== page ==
My apologies for the lack of post this past week – I’ve been reflecting on the recent events at Charlie Hebdo’s headquarters.
For those who may not be acquainted with the news, the French satirical newspaper known for their controversial cartoons, Charlie Hebdo (The Weekly Charlie), sustained a terrorist attack in Paris on Wednesday of last week. Two gunmen – brothers Chérif and Saïd Kouachi – dressed in black and wearing bulletproof vests forced their way in and executed the publication’s editor, four cartoonists, other staff journalists, a security guard, a guest and a police officer while escaping, totaling 12 dead, another 11 wounded. Paris Prosecutor Francois Molins told CNN that gunmen claimed they were avenging the Prophet Mohammed and shouted “Allahu akbar,” which translates to “God is great”. After a gas station robbery and a manhunt over the following days, the Kouachi brothers were shot and killed.
These kind of attacks are meant to intimidate people and scare writers into self-censorship, lest they be shot as well; however, this isn’t the first time Charlie Hebdo has dealt with terrorists. While their Wikipedia stub describes Charlie Hebdo as “Irreverent and stridently non-conformist in tone, the publication describes itself as strongly anti-racist and left-wing, publishing articles on the extreme right, religion (Catholicism,Islam, Judaism), politics, culture, etc,” I describe them as writers who exemplify the need for freedom of the press and the right to put things under the magnifying glass. Sure, their cartoons were often classified as extreme, over-the-top, crude, distasteful or even blasphemous (depending on your religion), but that doesn’t mean that they should be censored.
(More importantly, they shouldn’t have been killed over it.)
My point in all of this is that regardless of where we come from in this world, we all deserve freedom to information to better ourselves and our lives. Whether you’re trying to find a job, learning Skype so you can see your grandchildren, just learning E-books for pleasure reading or reading Charlie Hebdo, we all should have the right to learn and become more than what we are now. Rather, we have the right to learn and become better without fear and censorship.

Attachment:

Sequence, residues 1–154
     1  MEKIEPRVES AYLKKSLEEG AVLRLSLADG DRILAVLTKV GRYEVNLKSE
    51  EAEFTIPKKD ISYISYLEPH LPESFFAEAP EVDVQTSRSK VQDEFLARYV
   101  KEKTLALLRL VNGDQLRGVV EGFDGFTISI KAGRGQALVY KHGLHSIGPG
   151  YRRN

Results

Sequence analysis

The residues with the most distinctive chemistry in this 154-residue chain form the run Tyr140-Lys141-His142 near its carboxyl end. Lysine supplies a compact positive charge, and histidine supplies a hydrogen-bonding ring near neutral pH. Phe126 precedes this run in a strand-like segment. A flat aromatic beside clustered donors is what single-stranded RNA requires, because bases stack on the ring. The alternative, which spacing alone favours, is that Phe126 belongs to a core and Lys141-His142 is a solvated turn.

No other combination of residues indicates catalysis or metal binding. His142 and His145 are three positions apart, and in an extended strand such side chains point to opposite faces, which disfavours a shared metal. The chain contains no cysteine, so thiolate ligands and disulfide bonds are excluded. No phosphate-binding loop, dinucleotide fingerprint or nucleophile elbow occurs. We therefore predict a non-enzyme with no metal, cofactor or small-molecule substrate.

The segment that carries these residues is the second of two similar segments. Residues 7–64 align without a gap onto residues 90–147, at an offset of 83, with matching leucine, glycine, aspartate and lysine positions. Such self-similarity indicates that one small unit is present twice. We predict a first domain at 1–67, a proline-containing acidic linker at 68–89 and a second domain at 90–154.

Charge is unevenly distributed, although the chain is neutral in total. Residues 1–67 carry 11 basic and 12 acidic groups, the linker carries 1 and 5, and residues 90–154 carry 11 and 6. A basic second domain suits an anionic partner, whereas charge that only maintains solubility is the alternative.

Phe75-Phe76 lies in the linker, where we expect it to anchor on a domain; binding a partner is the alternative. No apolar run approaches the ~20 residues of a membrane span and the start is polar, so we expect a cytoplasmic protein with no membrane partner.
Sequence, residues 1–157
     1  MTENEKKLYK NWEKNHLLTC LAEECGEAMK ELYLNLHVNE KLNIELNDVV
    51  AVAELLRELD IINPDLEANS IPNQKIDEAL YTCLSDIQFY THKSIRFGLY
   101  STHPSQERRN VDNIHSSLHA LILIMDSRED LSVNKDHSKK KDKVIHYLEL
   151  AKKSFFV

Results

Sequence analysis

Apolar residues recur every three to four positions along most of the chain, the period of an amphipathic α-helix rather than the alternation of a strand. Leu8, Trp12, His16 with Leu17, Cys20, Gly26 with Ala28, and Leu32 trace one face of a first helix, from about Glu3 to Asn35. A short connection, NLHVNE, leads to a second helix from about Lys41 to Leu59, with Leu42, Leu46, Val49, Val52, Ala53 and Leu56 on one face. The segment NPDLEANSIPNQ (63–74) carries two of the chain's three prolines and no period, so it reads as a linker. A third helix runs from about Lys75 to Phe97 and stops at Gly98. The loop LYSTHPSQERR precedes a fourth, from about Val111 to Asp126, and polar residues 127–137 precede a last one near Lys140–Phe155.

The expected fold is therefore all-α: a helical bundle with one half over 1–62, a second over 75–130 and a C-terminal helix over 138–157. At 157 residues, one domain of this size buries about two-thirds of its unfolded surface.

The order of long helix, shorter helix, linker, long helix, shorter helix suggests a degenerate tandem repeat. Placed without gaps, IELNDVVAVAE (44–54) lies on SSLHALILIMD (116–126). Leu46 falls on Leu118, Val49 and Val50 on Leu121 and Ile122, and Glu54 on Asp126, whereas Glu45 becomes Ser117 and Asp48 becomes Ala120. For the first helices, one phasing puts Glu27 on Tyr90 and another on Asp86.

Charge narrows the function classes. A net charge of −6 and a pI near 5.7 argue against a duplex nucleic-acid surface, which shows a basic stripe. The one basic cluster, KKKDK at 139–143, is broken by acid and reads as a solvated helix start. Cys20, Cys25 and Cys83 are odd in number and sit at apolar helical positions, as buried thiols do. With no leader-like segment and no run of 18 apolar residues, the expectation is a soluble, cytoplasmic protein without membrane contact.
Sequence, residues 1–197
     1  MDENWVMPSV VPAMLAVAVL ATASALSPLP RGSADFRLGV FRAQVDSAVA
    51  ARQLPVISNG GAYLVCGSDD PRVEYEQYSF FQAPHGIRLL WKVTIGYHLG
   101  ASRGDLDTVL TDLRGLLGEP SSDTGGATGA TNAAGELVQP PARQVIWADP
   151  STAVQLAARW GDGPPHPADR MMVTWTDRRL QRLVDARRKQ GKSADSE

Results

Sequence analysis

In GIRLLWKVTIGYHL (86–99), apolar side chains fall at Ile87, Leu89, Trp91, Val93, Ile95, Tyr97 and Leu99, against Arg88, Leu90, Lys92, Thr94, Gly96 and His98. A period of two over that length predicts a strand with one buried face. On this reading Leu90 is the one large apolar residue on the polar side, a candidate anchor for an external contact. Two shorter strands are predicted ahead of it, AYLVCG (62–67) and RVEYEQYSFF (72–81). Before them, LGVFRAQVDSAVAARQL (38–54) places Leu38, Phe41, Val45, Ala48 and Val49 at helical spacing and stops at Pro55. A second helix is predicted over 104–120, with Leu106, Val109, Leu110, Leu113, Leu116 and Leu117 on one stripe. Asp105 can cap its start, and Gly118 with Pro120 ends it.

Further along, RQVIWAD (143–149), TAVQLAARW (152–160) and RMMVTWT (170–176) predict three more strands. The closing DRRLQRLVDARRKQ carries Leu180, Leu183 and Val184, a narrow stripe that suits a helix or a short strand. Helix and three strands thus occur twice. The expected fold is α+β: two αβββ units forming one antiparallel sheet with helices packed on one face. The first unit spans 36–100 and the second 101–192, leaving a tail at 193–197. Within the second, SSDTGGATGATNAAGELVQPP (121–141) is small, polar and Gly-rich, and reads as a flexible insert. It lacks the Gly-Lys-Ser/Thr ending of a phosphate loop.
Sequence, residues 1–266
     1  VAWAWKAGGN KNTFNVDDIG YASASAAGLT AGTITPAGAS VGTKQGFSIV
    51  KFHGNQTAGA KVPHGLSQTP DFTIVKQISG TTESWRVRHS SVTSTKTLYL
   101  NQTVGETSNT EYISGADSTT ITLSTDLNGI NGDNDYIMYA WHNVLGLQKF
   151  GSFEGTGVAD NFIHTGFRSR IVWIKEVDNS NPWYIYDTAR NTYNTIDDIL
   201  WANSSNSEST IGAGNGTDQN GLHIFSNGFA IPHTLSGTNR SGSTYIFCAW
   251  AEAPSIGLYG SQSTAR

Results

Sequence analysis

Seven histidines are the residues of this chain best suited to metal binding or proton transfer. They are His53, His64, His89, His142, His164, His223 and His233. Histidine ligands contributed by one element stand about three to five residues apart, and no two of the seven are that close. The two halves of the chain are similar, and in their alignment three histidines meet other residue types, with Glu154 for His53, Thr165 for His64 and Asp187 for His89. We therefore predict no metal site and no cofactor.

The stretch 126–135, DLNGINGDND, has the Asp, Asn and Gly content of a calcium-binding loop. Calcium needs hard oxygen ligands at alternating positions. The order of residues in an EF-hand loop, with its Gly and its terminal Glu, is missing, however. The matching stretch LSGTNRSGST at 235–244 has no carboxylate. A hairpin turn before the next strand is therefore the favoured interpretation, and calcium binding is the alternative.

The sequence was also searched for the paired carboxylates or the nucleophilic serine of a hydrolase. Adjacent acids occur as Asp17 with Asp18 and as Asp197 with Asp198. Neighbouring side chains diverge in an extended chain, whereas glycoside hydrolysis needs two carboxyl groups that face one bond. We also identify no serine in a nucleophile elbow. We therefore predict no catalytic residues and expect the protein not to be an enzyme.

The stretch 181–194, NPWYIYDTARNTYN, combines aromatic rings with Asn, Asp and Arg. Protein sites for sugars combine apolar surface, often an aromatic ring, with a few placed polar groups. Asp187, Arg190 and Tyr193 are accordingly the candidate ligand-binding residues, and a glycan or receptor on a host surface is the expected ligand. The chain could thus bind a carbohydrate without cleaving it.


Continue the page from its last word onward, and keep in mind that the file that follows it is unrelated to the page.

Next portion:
Unfortunately, many countries are considering going the opposite way and taking a censorship-style approach; the New York Times reported that some European politicians are proposing “the kind of Internet censorship and surveillance that would do little to protect their citizens but do a lot to infringe on civil liberties…calling on Internet service providers to identify and take down online content ‘aims to incite hatred and terror’.” I don’t believe a rousing game of “let’s censor the internet!” is the way to go either. This is a very slippery slope into an eventual online police-state that was half Patriot Act, half SOPA and strip our freedom of information.
In the middle ground of reason, Pope Francis said last week that free speech is not only a fundamental human right, but a duty to speak one’s mind for the sake of the common good. However, there are limits to freedom of speech, especially when it insults or ridicules someone’s faith. Francis told ABC news, “If my good friend [Dr. Gasbarri] says a curse word against my mother, he can expect a punch…It’s normal. You cannot provoke. You cannot insult the faith of others. You cannot make fun of the faith of others.” Disclaimer: Francis didn’t mean the attack on Charlie Hebdo was justified but that a reaction of any degree could be expected, freedom of speech or not.
We are very blessed in America to have the right of free speech protected by the 1st Amendment of the Constitution. Thankfully, France has the Declaration of the Rights of Man and of the Citizen, a document passed in 1789 which takes from our American constitution in some regards, particularly article 11:
“The free communication of thoughts and of opinions is one of the most precious rights of man: any citizen thus may speak, write, print freely, save [if it is necessary] to respond to the abuse of this liberty, in the cases determined by the law.”
Even with these rights set in stone, there are still people out there who would try to limit those rights and censor what they didn’t agree with, regardless of what havoc is incurred.
Librarians, this attack was not just an attack on a French newspaper; it was a fundamental attack on rights, values, thoughts, the exchange of information and the freedom of that information. This week and for the times to come, we librarians are all Charlie.
Sorry for such a serious post, guys. Don’t worry, I’ll get back to my lighter self this coming week!
Justin Brasher, Brash Librarian